New Discovery May Prove Live On Earth Started From A Comet
The theory of panspermia posits that life on Earth may have been seeded by meteorites and comets carrying hardy spores of microorganisms. This possibility is what makes studying comets such an exciting area of research for scientists seeking to understand the origin of life on our planet and the evolution of the solar system.
Now, a new study, based on data gathered by instruments on board the European Space Agency’s (ESA) Rosetta spacecraft — which is currently following the comet 67P/Churyumov-Gerasimenko — further bolsters the possibility that the building blocks of life on Earth may have come from outer space.
Researchers have detected the amino acid glycine, commonly found in proteins, and phosphorus, a key component of DNA and cell membranes, in the coma of the comet.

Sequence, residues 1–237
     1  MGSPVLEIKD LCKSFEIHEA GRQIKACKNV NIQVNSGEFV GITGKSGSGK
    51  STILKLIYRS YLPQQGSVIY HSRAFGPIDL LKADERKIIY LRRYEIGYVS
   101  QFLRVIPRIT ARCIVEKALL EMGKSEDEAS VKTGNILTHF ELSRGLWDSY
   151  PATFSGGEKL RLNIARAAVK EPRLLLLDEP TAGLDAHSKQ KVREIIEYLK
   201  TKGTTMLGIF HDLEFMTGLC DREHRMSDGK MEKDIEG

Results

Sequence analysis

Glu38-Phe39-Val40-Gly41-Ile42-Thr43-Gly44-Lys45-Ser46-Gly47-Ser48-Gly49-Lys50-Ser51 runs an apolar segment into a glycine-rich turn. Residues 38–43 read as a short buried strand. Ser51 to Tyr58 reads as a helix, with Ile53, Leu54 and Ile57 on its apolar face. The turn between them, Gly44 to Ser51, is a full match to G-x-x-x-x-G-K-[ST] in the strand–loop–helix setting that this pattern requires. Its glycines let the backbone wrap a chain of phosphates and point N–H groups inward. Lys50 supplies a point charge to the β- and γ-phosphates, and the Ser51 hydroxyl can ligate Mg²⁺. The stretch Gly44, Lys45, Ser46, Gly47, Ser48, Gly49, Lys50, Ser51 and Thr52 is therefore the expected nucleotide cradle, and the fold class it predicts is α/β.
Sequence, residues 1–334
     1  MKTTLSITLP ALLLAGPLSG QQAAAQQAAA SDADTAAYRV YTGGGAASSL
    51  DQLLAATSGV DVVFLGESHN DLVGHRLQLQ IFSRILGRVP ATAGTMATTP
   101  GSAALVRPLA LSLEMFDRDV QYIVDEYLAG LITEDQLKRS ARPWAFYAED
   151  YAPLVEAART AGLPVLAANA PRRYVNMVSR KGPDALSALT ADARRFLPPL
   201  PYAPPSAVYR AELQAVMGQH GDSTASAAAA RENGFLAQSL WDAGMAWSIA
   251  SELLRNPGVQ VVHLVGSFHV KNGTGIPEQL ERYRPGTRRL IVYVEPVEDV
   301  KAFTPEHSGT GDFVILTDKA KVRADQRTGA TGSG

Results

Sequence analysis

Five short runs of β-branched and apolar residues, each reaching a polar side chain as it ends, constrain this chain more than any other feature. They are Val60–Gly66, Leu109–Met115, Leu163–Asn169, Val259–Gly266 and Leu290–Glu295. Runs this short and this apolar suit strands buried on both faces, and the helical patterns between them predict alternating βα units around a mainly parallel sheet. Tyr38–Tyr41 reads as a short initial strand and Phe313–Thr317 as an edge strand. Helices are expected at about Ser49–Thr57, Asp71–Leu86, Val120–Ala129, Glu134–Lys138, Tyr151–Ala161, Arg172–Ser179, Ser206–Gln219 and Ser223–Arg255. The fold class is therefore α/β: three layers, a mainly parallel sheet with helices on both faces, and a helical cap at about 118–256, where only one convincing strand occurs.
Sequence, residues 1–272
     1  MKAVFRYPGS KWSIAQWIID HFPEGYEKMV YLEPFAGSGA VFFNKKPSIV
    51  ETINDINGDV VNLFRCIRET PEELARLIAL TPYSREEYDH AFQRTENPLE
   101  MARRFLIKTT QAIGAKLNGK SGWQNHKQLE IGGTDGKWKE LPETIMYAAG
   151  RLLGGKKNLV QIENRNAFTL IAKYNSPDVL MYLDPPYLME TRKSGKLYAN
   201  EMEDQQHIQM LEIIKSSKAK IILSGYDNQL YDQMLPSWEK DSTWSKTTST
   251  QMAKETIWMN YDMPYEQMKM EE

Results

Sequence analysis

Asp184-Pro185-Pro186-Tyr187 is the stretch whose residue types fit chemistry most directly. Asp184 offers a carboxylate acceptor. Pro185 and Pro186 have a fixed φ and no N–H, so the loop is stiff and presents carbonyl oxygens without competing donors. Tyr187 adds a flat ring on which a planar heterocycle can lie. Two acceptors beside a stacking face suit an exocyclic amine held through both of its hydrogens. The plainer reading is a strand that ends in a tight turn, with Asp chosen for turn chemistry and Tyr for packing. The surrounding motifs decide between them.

“This is the first unambiguous detection of glycine at a comet,” lead author Kathrin Altwegg, principal investigator of the ROSINA instrument that made the measurements, said in a statement. “At the same time, we also detected certain other organic molecules that can be precursors to glycine, hinting at the possible ways in which it may have formed.”